Judicial Supremacy and the Settlement Function

By Nagel, Robert F. | William and Mary Law Review, February 1998 | Go to article overview

Judicial Supremacy and the Settlement Function


Nagel, Robert F., William and Mary Law Review


In City of Boerne v. Flores,(1) the Supreme Court repeats the familiar proposition that it is the province and duty of the judiciary "to say what the law is."(2) But the Court also says that Congress has "the duty to make its own informed judgment" on the meaning of the Constitution.(3) The Religious Freedom Restoration Act (RFRA or the "Act")(4) thus exceeded Congress's power not because constitutional interpretation is outside the legislative function, but because the Act was based on an interpretation of the religion clauses that contradicted an existing judicial precedent.(5) Congress, in short, must defer to the Court's existing interpretations. The judiciary's power to interpret the Constitution is not exclusive, but it is, according to Flores, supreme as against the judgment of a coordinate branch of government.(6) It is supreme not only in the sense that the Court will give legal effect to its own precedent, but also in the sense that Congress breached a duty when it enacted a law based on its own contrary opinion about the meaning of the Constitution.(7)

Important aspects of this doctrine of judicial supremacy have been appearing in the case law with increasing frequency and clarity. Components of the doctrine are visible in cases constricting the political question doctrine(8) as well as in cases countermanding Congress's judgments about the meaning of the Commerce Clause,(9) separation of powers,(10) and the Tenth Amendment.(11) Moreover, the sense of self-confidence and self-importance that underlies judicial supremacy can be seen in cases such as Cooper v. Aaron(12) and Planned Parenthood v. Casey,(13) which strongly disapprove of independent judgments on constitutional issues by state and local officials. Flores is the culmination of this series of assertions of power by the federal judiciary. As the Justices gradually have developed judicial supremacy as a fact of institutional life, some thoughtful legal scholars have begun to develop new justifications for it. In particular, the Harvard Law Review recently featured a tightly reasoned article, authored by Professors Alexander and Schauer, that defends judicial supremacy "without qualification."(14)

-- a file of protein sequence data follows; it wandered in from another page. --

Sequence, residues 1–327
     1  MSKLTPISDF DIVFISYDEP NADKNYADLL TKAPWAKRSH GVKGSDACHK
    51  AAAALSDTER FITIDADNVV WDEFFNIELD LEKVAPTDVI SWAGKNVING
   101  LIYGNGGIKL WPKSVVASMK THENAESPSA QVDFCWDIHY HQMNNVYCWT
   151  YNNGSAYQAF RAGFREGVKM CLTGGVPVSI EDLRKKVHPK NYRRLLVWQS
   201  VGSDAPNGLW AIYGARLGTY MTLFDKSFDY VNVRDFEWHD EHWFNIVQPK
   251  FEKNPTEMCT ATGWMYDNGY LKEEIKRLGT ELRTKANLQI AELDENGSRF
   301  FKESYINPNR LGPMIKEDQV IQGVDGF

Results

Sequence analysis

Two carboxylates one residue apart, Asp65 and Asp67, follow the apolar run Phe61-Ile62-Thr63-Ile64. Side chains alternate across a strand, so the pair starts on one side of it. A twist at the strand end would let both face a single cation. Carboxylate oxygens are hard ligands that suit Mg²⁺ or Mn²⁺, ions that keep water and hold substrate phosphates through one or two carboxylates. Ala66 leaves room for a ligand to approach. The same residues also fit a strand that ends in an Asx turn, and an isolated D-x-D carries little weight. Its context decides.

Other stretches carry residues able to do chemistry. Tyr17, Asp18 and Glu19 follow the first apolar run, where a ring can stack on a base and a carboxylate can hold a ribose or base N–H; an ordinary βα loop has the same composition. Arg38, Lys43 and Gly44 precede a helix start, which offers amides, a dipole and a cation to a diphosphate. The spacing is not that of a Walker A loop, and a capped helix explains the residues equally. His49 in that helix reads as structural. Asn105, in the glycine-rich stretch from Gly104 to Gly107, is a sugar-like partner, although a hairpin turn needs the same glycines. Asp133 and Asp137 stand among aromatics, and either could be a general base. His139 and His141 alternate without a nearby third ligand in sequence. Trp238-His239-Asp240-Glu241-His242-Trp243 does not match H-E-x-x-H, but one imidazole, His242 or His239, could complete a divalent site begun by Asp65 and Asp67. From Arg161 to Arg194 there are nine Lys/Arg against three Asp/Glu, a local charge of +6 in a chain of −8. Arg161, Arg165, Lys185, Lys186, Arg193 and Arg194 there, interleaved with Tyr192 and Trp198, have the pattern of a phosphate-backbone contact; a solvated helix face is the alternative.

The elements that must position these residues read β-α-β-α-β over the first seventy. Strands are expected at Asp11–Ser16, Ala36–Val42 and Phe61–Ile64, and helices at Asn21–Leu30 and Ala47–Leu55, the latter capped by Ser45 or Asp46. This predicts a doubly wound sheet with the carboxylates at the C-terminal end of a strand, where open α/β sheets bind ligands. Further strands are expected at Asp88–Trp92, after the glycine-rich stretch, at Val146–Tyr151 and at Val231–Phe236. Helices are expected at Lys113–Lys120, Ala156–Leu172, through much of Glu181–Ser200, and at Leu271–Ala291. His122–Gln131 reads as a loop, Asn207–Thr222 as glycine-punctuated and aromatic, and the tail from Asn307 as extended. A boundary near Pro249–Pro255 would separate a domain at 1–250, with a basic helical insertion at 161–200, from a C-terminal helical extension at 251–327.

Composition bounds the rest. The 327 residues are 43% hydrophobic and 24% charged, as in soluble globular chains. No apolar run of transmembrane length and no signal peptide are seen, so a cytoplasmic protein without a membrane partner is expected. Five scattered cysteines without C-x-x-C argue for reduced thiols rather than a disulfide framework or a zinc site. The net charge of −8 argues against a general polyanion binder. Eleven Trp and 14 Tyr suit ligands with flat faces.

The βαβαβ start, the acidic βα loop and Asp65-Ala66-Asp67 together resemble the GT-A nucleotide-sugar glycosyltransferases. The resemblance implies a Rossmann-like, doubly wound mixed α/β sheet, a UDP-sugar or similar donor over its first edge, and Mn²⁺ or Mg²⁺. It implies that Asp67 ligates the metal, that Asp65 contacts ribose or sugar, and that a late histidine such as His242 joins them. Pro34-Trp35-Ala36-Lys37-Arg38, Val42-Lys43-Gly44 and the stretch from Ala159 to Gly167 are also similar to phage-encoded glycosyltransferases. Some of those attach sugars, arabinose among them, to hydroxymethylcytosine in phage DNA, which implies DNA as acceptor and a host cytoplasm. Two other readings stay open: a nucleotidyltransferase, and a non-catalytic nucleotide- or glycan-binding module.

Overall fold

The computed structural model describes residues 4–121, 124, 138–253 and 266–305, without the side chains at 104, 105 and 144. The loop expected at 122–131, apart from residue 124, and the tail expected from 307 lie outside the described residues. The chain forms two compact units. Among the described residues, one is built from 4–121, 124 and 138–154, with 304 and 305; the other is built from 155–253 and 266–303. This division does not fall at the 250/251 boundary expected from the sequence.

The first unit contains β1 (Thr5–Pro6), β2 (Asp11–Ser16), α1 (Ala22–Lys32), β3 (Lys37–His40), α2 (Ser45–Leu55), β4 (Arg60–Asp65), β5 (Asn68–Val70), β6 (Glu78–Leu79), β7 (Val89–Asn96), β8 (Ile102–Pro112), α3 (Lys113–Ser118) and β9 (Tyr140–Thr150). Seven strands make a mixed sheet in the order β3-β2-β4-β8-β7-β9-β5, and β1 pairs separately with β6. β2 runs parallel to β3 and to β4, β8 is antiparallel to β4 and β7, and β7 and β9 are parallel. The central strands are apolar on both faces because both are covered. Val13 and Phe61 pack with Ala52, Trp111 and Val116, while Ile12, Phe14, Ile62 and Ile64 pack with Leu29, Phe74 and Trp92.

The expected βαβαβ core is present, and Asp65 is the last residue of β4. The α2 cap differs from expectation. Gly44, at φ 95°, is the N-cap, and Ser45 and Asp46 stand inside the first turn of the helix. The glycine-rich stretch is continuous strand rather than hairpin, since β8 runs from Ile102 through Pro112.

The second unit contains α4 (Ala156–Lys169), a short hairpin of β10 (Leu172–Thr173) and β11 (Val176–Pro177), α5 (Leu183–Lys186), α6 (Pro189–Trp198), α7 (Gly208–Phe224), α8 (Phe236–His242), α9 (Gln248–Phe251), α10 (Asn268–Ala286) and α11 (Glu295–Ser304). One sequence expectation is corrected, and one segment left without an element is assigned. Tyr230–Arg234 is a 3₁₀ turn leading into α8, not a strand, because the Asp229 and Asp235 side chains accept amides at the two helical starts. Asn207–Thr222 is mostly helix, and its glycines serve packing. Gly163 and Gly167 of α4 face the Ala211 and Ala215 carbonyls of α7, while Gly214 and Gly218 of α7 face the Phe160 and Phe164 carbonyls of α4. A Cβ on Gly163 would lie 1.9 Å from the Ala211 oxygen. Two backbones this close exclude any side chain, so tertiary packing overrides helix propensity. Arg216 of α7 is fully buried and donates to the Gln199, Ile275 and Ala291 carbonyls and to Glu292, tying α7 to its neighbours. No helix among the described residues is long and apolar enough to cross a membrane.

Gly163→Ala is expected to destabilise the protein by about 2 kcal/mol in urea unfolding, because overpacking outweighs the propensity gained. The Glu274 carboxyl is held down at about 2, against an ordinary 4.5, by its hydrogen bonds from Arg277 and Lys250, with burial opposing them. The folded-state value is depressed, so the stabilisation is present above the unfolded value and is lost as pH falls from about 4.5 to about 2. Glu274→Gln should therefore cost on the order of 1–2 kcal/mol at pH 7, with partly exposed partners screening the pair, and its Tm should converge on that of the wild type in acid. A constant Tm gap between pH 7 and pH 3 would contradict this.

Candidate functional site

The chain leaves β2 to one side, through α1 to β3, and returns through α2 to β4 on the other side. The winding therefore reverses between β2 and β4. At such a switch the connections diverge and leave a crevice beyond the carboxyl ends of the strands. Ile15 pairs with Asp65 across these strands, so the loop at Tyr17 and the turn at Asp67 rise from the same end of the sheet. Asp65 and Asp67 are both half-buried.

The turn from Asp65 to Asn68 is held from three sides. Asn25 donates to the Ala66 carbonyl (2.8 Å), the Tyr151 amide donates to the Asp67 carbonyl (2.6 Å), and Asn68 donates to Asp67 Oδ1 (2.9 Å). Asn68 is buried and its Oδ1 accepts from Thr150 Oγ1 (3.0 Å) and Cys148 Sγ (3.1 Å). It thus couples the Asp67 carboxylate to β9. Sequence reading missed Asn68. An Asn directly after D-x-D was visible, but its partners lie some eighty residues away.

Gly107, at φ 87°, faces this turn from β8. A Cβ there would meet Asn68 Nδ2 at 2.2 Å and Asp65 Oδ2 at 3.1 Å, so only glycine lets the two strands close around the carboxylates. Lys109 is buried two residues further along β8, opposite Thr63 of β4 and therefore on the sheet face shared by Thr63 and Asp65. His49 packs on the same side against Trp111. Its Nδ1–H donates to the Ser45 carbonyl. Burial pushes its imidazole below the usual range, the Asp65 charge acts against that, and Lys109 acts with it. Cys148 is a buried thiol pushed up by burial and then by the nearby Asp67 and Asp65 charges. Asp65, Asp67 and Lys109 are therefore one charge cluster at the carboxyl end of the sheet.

In this Essay, I intend to lay the Flores opinion against the Alexander and Schauer article. This comparison, I think, is instructive, albeit in rather perverse ways. Both the opinion and the article conclude that there is a congressional duty of deference,(15) but Alexander and Schauer's analysis demonstrates why the reasons given by the Flores Court are inadequate. Moreover, Flores helps to highlight flaws in Alexander and Schauer's analysis.

I. LEGISLATIVE DEFERENCE

Why, according to Flores, is Congress under a duty to defer to existing judicial interpretations of the religion clauses? Justice Kennedy's opinion develops the answer at length, but it can be stated concisely: Congress has only enumerated powers, and its power under Section 5 of the Fourteenth Amendment ("Section 5")(16) is to enforce existing constitutional meaning, not to alter that meaning.(17) The Court finds evidence for this distinction in the Amendment's text,(18) in its history,(19) and in the case law that interprets the Amendment.(20) The source of Congress's duty, then, is the Constitution itself.

From one perspective, it is odd for the Court to labor so hard to show that the Fourteenth Amendment does not authorize Congress to alter the terms of the Fourteenth Amendment. Neither Congress, the Executive, nor the Court is authorized to change anything in the Constitution because the procedure for changing the Constitution is prescribed in Article V,(21) which does not authorize unilateral changes by any branch of government.(22) So by "change" or "alter" the Court must mean something short of amendment--perhaps the Court means the sort of change that can occur during the process called "interpretation." Put directly, then, the reasoning might seem to be that Section 5 authorizes Congress to enforce, but not to interpret, the provisions of the Fourteenth Amendment. …

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